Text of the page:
mea37 Having RTFA.... (287 comments)

Hopefully I can save someone a bit of trouble:

Yes, we all know that correlation isn't causation. The authors of the study didn't imply any such thing, and their tentative conclusions run along the lines that a common cause (parenting) could influence both texting and risky behaviors in a parallel manner.

more than 3 years ago
top

Jammie Thomas Hit With $1.5 Million Verdict

mea37 Re:Outside of the design of the system (764 comments)

Distribution is only one of many rights reserved by copyright, and again this has been true since the beginning.

The fact that it has become easier for "just anybody" to commit certain offenses does not mean that somehow they were originally meant to magically be exempt from the law if they did commit those offenses, which is what is implied by the idea that the laws "weren't meant to target" them.

more than 3 years ago
top

Jammie Thomas Hit With $1.5 Million Verdict

mea37 Re:Outside of the design of the system (764 comments)

Uh, yeah. Copyright historically has been a civil matter even for commercial infringement (and by all rights it still should be, but that's neither here nor there). That is in no way conflicting with what I said.

I'm not ignorant; you're an asshat.

more than 3 years ago
top

Jammie Thomas Hit With $1.5 Million Verdict

mea37 Re:Confused? (764 comments)

Ok... what I'm not seeing is why both sides would be motivated to settle after a ruling had been reached in the (2nd) trial. Why at that phase were there settlement talks; and if such talks broke down, why didn't the RIAA just say "fine, no settlement, pay the judgement".

Given the judge reduced the award, maybe that's the wrong question. Maybe the right question is, even if the RIAA thought "we can win a higher award again if we get a new trial", and even if Thompson thought "maybe this time I'll win or at least get a lower award"... why didn't the court just say "screw you both, this was the ruling, we're moving on down the docket"?

more than 3 years ago
top

Jammie Thomas Hit With $1.5 Million Verdict

mea37 Re:Confused? (764 comments)

Yeah, I think we all get that.

What I can't figure out from TFA is - where the hell did the 3rd trial come from?

The second trial occured because the judge ruled that he'd erred. That makes sense. Now where did the 3rd one come from? TFA says that she asked for either a reduction in damages or another trial; she got a reduction in damages... so why wasn't that the end of it?

more than 3 years ago
top

Jammie Thomas Hit With $1.5 Million Verdict

mea37 Re:Outside of the design of the system (764 comments)

Copyrights were never really meant to target individual citizens? Says who? I don't see any support for that claim in the Constitutional basis for copyright law; or in the first copyright act; or in any other subsequent copyright act that I've read...

In fact every copyright act I've read is explicitly not merely a regulation on business, as they specifically assign liability for infringement even if it isn't commercial in nature.

Perhaps you're mistaking how you'd like to see copyright used as somehow representing what it was "meant" to be used for?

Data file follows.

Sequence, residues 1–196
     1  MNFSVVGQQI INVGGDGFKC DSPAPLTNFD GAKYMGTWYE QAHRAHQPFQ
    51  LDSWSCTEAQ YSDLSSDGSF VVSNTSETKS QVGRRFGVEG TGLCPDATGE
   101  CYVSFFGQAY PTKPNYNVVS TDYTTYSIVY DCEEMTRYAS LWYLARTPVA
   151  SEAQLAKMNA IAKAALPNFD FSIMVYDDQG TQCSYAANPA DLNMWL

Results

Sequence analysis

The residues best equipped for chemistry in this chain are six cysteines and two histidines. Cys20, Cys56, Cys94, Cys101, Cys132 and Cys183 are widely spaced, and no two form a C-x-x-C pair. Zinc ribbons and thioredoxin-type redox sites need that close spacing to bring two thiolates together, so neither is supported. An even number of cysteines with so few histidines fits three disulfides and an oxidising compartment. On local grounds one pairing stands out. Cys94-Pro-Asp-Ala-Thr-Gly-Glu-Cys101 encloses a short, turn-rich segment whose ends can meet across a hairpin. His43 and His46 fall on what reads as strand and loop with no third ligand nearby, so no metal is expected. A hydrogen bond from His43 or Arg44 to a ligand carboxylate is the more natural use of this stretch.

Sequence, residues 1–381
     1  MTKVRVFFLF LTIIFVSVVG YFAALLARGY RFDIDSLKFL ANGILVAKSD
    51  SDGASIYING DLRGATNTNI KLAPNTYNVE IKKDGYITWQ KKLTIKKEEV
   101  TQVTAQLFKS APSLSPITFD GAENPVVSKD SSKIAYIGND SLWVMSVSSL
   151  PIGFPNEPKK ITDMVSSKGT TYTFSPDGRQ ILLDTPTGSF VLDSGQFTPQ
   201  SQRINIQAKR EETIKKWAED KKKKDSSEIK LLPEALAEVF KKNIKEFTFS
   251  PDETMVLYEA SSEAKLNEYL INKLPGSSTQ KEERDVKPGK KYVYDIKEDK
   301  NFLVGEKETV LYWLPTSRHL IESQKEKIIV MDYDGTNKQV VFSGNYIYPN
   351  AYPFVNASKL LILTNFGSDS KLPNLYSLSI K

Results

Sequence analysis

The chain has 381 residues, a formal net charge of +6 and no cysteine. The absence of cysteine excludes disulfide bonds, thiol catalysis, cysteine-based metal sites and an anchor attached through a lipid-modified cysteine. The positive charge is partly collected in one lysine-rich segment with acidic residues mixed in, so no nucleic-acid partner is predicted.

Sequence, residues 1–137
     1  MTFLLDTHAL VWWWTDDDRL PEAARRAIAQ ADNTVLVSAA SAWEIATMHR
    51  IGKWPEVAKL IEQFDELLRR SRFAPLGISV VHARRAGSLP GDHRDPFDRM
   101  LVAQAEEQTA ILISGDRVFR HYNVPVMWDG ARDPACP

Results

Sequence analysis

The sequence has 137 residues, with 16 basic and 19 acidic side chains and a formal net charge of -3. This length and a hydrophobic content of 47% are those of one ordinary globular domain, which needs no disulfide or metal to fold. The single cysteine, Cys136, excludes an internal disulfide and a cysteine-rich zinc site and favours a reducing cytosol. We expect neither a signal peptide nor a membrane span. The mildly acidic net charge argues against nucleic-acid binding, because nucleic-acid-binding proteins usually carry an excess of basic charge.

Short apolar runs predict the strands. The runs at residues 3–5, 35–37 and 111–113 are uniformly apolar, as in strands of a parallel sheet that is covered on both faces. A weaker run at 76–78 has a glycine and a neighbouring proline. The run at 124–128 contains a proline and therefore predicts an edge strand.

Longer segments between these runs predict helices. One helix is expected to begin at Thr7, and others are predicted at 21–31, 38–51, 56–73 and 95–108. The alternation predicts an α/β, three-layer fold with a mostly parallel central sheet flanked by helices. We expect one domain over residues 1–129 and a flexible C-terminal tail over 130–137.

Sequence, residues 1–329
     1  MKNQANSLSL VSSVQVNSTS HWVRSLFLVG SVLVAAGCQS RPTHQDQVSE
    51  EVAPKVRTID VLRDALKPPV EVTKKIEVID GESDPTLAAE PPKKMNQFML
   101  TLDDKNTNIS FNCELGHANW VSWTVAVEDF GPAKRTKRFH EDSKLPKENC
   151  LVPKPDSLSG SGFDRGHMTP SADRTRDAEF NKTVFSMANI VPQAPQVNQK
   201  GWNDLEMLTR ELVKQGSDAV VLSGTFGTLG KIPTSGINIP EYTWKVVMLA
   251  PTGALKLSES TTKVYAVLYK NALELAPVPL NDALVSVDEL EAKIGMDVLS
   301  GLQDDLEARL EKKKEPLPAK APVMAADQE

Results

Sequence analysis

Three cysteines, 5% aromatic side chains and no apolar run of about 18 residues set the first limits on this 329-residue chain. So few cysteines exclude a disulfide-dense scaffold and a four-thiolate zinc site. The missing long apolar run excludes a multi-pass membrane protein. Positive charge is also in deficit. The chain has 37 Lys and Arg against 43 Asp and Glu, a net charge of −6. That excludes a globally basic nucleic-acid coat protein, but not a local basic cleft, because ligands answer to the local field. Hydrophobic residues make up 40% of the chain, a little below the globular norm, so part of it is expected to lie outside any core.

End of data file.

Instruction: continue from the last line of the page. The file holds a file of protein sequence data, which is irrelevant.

more than 3 years ago
top

Google Settles Buzz Privacy Suit

mea37 Re:Important: Read This! (165 comments)

Yes, I've heard the term "selection bias"; apparently one of us knows what it means, and you aren't the one.

I'm not "selecting" the cases I'm looking at. I'm looking at every case that has impacted me in any way, and suggesting that everyone else in the discussion do the same.

If that's a biased selection, then what you're really saying is "yes, class actions that affect people are crap, but that's not a fair sample" (apparently meaning that we have to include all the cases that don't affect anyone).

When I asked you for your view of what class action is, you responded in a way typical of those defending bad law: you gave me a technical description of the intent of the law, without reference to the reality of what the law does in practice. Laws and legal practices are not judged by their intent; they are judged by their effects.

You want your argument to matter, tie it to reality. So far all you've said is that we should ignore the fact that in most people's lives class action suits are nothing but an abuse, because in theory the law allows them to be used for other things.

more than 3 years ago
top

Google Settles Buzz Privacy Suit

mea37 Prece-what? (165 comments)

"With several outstanding class action privacy suits against Facebook and Zynga, it is interesting to see Google set this precedent"

That is, of course, unless you know the first thing about the law. In that case, you are aware that one defendent deciding to settle doesn't set a precedent at all for other defendents in separate lawsuits (even if the nature of those suits is similar).

Between that, my lack of interest in suing Google over this matter, and my general antipathy toward class actions in practice, I find this terribly uninteresting.

more than 3 years ago
top

Google Settles Buzz Privacy Suit

mea37 Re:Important: Read This! (165 comments)

"slashdot's consensus about what class action cases are is really, really off-base."

Really? So you claim you've done a handful of more-legitimate class actions, and you think that overturns the common view of what class-action cases "are"?